While customers like BSX/Guidant and St. Jude Medical have grown the CRM market substantially, Greatbatch has lost a large amount of business from its major customer BSX/Guidant. The relationship has historically been somewhat contentious as Guidant increased internal development. The Guidant recall field action in 2005, and the acquisition of Guidant by Boston Scientific, increases the risk of lower or lost business. We believe Boston Scientific intends Guidant to become more fully integrated. However, BSX/Guidant's capability to launch new internally-developed battery ICDs has been delayed given FDA issues. If BSX can resolve its FDA difficulties, it is possible the new ICDs will be launched by early 2008. GB management believes $25 million in BSX battery business could be lost. However, GB did announce in July 2007 an amended and extended (through the end of 2010) agreement with BSX that incorporates supplying BSX with batteries, capacitors and enclosures. The agreement enables BSX to retain dual source flexibility but does provide for better pricing with higher volume commitment. In February 2007, the company announced a new agreement with St. Jude, through 2013, giving GB exclusive supplier status of battery technology and filtered feedthroughs. However, while the contract protects GB market share with St. Jude and extends visibility, the contract also provides for annual price reductions that could affect margins. Pricing has been eroding for the last few years.
Greatbatch executed a sub-assembly manufacturing contract with Medtronic for their implantable CRM devices. Revenues from this contract, to be fulfilled out of the Tijuana, Mexico plant, began late in the first quarter 2005. This work is low margin and overall company gross margins are likely to shrink. However, the company believes it can win higher margin Medtronic business. Expense related to the capacity ramp in the new facility has, and will continue to, pressure margins. The Other Medical revenue line that includes this sub-assembly business grew 53% to $56 million in 2006 and increased 17% in first quarter 2007. Now annualized, the Other Medical revenue fell 4% in Q207, but did increase 12% in the third quarter.
The company has consolidated battery/capacitor manufacturing to a new, more automated plant in Alden, NY. The battery consolidation is complete and the company has essentially completed the capacitor consolidation. The latest announced facility consolidation closes the Columbia, MD feedthroughs and coatings plant and the Fremont, CA advanced research facility. The Columbia facility is being consolidated into Tijuana and the consolidation, as of Q307, is behind the original completion goal of mid-2007 due to technological issues. Management believes the Columbia consolidation will be complete by year end 2007. Management believes the consolidation plan (7 locations down to 4 locations) will generate annual savings of more than $10 million beginning in the second half of 2007. In Q207, the company announced a new 80,000 square foot commercial power facility will begin construction, with completion expected in mid-2008, in Canton Massachusetts next to the older facility. The company believes it can take advantage of commercial opportunities with the expanded capacity.
In November 2006, the company announced consolidation and downsizing activity on the heels of the manufacturing consolidation. The company is consolidating its corporate and business unit organization structure to generate additional annualized savings and enable future technology & business investments. The downsizing eliminates approximately 40 corporate and business unit positions. Management estimates annual gross savings of $8.0 to $10.0 million and net annual savings of $2.0 to $4.0 million upon plan completion. Of the annual savings, the company intends to invest approximately $6.0 million in critical areas including Research, Development & Product Engineering.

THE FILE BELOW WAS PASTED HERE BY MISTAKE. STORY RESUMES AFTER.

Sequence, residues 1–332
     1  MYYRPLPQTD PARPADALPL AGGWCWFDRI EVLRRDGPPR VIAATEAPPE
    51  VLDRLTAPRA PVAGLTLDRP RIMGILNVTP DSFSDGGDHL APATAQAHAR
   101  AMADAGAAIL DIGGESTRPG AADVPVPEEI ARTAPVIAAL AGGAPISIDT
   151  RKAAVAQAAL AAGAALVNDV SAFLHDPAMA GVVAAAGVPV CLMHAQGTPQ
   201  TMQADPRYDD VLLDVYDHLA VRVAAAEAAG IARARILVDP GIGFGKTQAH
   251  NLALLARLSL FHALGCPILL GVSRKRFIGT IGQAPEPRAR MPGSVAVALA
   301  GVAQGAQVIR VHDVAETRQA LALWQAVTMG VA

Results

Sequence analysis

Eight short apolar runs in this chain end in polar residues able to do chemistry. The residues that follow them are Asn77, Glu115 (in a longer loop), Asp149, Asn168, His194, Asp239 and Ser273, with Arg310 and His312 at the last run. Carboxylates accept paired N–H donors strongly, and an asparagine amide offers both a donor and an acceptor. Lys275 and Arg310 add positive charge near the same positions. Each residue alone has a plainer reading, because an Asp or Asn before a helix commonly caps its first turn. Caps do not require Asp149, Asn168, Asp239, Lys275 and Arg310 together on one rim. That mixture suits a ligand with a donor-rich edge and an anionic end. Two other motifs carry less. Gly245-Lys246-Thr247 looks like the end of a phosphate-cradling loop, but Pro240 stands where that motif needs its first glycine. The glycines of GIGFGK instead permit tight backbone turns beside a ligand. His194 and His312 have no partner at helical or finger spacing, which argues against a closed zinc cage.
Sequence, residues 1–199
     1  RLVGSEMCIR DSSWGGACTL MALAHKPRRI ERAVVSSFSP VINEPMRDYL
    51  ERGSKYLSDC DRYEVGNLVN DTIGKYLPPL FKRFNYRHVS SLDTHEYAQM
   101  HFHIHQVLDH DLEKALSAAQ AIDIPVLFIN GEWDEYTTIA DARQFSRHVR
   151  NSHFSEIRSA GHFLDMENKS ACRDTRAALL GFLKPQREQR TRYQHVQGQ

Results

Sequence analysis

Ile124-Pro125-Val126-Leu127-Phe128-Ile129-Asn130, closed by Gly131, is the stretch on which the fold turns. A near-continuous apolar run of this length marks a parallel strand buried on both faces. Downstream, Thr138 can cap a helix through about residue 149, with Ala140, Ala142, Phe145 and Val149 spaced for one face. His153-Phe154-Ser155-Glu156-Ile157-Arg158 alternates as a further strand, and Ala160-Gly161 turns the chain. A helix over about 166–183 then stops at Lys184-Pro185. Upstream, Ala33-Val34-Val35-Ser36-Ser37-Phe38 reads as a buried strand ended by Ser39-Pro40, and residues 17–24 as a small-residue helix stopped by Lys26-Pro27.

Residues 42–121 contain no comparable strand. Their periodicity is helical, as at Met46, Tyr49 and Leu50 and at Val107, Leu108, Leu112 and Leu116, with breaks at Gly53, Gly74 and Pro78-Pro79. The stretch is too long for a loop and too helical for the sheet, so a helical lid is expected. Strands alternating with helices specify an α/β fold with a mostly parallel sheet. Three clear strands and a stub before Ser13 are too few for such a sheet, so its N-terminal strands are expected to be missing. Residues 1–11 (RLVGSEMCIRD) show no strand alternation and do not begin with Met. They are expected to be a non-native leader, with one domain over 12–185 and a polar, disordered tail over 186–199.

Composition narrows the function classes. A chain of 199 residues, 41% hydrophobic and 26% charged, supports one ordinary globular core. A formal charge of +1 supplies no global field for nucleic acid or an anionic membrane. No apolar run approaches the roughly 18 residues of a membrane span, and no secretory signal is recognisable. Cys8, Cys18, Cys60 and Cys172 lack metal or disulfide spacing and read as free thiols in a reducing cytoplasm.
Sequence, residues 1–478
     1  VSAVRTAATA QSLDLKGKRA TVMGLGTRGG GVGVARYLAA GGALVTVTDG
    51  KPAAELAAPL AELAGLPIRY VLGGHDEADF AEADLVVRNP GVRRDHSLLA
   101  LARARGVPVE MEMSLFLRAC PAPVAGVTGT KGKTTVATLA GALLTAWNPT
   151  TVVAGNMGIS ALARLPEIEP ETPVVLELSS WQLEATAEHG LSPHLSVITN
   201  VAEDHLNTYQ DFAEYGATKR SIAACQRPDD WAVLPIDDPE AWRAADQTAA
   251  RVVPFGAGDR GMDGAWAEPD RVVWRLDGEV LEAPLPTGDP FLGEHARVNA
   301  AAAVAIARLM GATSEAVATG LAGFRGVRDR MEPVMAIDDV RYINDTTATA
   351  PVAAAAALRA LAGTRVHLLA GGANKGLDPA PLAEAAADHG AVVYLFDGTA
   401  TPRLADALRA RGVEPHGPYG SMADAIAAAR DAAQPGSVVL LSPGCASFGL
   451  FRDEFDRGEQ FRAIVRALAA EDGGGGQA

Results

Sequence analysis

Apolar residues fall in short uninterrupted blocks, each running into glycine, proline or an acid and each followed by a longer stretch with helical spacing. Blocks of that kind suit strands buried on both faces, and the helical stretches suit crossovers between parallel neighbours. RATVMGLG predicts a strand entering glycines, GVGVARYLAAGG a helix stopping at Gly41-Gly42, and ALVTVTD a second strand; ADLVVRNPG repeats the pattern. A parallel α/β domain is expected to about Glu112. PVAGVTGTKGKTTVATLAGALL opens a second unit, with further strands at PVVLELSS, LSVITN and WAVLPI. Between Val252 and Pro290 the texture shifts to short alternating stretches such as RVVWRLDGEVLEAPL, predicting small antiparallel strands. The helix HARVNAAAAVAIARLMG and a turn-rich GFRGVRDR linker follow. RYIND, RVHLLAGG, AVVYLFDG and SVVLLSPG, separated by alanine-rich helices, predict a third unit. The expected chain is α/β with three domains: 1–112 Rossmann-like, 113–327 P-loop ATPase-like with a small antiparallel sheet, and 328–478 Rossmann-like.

While the ongoing consolidations will reduce excess capacity in Tijuana and improve margins once completed in 2007, we are suspicious of the nature accorded to many of the on-going consolidation charges and expenses, especially since they will benefit margins and EPS in the out-years. While we believe the investments in new facilities and streamlining of the cost structure are good strategic moves, we question the continual "one-time" nature of the consolidation plan. The company generated approximately $16.9 million in pre-tax relocation/consolidation, severance and asset disposition costs in 2006, or about $0.44 impact to EPS. Due to continuing consolidation (the Columbia Maryland facility closing is expected at the end of 2007) expected in 2007, the company anticipates an additional $0.14-$0.16 per share (up from $0.10-$0.13) in relocation/consolidation, asset disposition charges and excess capacity charges for the delayed Columbia closing.
In March 2007, the company raised an additional $80 million through a privately negotiated exchange offering of $118 million of its outstanding $170 million 2.25% Convertible Subordinated Debentures due 2013 for new 2.25% Convertible Subordinated Debentures due 2013. The new debentures have an initial conversion price of $34.70 (vs. the old debentures conversion price of $40.29), and a net share settlement feature allowing the company to pay the $1,000 in principal with cash with the difference in shares or cash. The additional $80 million in new debentures will increase interest income of the company due to the low borrowing rate, although we believe the new financing signaled the company would be looking for acquisitions. We note the BIOMEC deal that closed in April 2007 and the Enpath deal that closed in June 2007). As well, with the exchange of $118 million of its outstanding converts to the new converts with a net share settlement feature, the company will be able to eliminate about 2.9 million shares from its current diluted share count. If the remaining $52 million of the old convert gets exchanged, an additional 1.2 million shares will be removed from the share count. In the third quarter, management indicated that, the Financial Accounting Standards Board (FASB) has issued an accounting position paper that could eventually change the method of accounting for interest expense for cash settlement convertible notes. The accounting change, if adopted, would require interest expense to be recognized at a market rate compared to the $198 million of convertible notes' current low 2.25% rate.
Summary: GB has a stronger outlook if neurostimulation batteries, especially the newer rechargeable variety, become a reality in later 2007. The facility closings and consolidation, brought on by past years' under-investment, is a necessity given the need for advanced technology solutions and gives the company cost savings, although low-margin sub-assembly work mitigates some of those savings. While we see some risk in revenue, given weakness in core CRM markets, or if the company is unsuccessful in gaining neurostimulation contracts or falls behind in development, the company appears headed in the right direction. The recent flurry of acquisition activity broadens the customer base and the product portfolio in higher growth segments, and attempts to move GB beyond an original equipment manufacturer with an increase in operating margin. Nonetheless, we believe the outlook presents some substantial risk, particularly in acquisition integration and believe the company is fairly valued at current levels.